Author: Maggie Stiefvater
Genre: Young Adult, Paranormal, Romance, Fantasy
Publication Date: August 2009
Hardcover: 400 pages
Stand alone or series: Stand alone novel (at least to my knowledge).
Why did I read this book: Although I wasn’t a huge fan of Ms. Stiefvater’s debut novel, Lament: The Faerie Queen’s Deception (to put it mildly), when I received an advance copy of Shiver I was eager to give the author another shot. A different setting, with different characters, and this time with a new take on werewolves…I was excited. Especially for Young Adult Appreciation Month.
Summary: (from amazon.com)
For years, Grace has watched the wolves in the woods behind her house. One yellow-eyed wolf–her wolf–is a chilling presence she can’t seem to live without. Meanwhile, Sam has lived two lives: In winter, the frozen woods, the protection of the pack, and the silent company of a fearless girl. In summer, a few precious months of being human . . . until the cold makes him shift back again.
Now, Grace meets a yellow-eyed boy whose familiarity takes her breath away. It’s her wolf. It has to be. But as winter nears, Sam must fight to stay human–or risk losing himself, and Grace, forever.
When Grace was a young girl, she was the victim of a freak wolf attack in the woods surrounding her home. She thought she was going to die, when one of the wolves, one with brilliant yellow eyes, fended the others off to protect her. Grace lived, and in the winters ever since her attack, she has always looked into the woods behind her house, always catching a glimpse of those same intense yellow eyes watching her, keeping her safe. Grace has been obsessed with the wolves ever since, always looking for her wolf. When another freak attack occurs in town, and the wolves kill a teenage boy, a hunting party is assembled to shoot the pack in the woods – and Grace is terrified for her wolf. She tries to stop the hunting party, but when she reaches her house she finds a naked, shivering teenage boy on her porch – a naked, shivering teenage boy who has been shot in the shoulder, on her porch. Grace learns that the boy, Sam, is her wolf and that he has been watching her from afar for all these years. Every year during the warm summer, Sam is his human self, but once the temperature drops, Sam turns into a wolf for the winter. And each year, Sam’s summers become shorter and shorter – soon, Sam fears he will turn into a wolf, never to be a human again. Together, Grace and Sam fight to keep him as human, no matter the cost.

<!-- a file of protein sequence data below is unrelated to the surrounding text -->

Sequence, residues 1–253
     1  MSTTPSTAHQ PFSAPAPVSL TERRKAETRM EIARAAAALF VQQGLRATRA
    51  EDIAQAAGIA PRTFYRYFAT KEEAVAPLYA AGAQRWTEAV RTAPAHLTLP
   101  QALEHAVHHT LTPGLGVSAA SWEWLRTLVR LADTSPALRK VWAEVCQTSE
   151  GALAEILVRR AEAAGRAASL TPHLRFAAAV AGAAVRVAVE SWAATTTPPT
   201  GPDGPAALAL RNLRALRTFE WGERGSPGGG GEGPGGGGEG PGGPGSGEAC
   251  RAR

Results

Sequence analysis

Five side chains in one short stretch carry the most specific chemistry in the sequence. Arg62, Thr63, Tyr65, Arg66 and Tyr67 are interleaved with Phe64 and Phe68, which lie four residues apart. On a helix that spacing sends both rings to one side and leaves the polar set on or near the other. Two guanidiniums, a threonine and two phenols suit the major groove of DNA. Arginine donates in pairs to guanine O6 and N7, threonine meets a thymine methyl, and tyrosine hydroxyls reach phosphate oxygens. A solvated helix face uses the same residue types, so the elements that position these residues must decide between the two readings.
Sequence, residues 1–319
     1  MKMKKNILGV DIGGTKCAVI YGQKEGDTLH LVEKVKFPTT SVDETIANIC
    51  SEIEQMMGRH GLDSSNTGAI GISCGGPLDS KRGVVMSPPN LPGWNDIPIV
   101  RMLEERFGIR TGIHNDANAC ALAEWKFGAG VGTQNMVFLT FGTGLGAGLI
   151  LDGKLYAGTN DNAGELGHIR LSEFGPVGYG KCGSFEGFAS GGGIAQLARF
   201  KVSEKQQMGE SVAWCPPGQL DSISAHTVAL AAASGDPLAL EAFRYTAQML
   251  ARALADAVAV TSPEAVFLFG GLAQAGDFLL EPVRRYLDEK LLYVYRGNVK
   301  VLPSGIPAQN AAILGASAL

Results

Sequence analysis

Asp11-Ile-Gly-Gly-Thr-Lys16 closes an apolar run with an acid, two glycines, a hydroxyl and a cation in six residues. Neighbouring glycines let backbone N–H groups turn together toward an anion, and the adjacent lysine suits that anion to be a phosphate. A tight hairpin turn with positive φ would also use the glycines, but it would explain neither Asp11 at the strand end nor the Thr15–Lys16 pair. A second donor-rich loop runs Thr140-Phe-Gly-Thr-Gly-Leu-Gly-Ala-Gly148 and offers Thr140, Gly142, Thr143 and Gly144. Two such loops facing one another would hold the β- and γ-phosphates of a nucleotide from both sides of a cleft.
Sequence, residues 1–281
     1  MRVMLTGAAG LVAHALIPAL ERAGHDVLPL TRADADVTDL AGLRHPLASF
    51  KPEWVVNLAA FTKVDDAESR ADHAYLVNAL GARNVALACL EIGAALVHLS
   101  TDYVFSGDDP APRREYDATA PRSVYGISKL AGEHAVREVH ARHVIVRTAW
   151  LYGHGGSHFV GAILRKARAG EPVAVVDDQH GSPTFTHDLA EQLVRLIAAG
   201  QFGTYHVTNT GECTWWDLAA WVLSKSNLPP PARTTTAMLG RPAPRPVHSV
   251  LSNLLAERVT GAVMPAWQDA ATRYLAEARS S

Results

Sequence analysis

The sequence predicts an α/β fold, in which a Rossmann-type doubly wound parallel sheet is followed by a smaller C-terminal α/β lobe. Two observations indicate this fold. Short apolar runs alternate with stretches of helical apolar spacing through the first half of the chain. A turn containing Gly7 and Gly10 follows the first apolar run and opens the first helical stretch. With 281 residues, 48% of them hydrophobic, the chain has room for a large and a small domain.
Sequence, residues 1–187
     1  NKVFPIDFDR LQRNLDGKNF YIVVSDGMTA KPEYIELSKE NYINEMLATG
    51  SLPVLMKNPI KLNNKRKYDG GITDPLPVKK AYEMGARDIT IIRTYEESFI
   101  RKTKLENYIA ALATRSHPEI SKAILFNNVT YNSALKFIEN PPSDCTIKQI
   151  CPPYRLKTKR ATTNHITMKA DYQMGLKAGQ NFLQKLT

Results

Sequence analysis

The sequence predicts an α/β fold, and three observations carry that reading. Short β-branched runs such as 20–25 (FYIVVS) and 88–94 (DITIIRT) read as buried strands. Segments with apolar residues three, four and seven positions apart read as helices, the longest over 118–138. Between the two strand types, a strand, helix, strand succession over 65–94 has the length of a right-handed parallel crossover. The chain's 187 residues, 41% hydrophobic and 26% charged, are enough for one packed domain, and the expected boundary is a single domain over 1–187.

So, it’s no secret that I (and Ana!) was not a fan of Lament: The Faerie Queen’s Deception. Most of my dislike stemmed from a simple but undeniably important keystone for a novel: the characters. I find myself in a similar situation with Shiver. The idea and the premise is fascinating – I love Ms. Stiefvater’s take on the mythos of the werewolf, with the gradual transformation from human to wolf forever in winter. I also cannot deny that Ms. Stiefvater’s descriptions are lovely, and her prose evocative.
But that in itself does not a good story make, and I found myself bored with Shiver. The characters never felt real to me, and the plot – what little of it there actually was – felt shabby and cobbled together.
Grace and Sam are in love. Like, CRAZY in love. Like, they’ll do anything to be together forever and ever and ever in love. Similar to Lament, however, I could not for a second believe that these characters had any reason to be so blindly, worshipfully devoted to each other. Just saying that these two characters are in love and then immediately skipping to all the tortured romance stuff does not make for a believable story. While reading I was constantly asking myself, WHY do these characters love each other so much? This felt much more like obsession to me – and it creeped me out.
*NOTE: I should mention that I loathe tortured love stories of the obsessed nature. Take Romeo and Juliet, for example (which I believe Shiver is supposed to mimic, at least in its tone of desperation). It doesn’t do much for me – which probably makes me anathema in girl romance land.*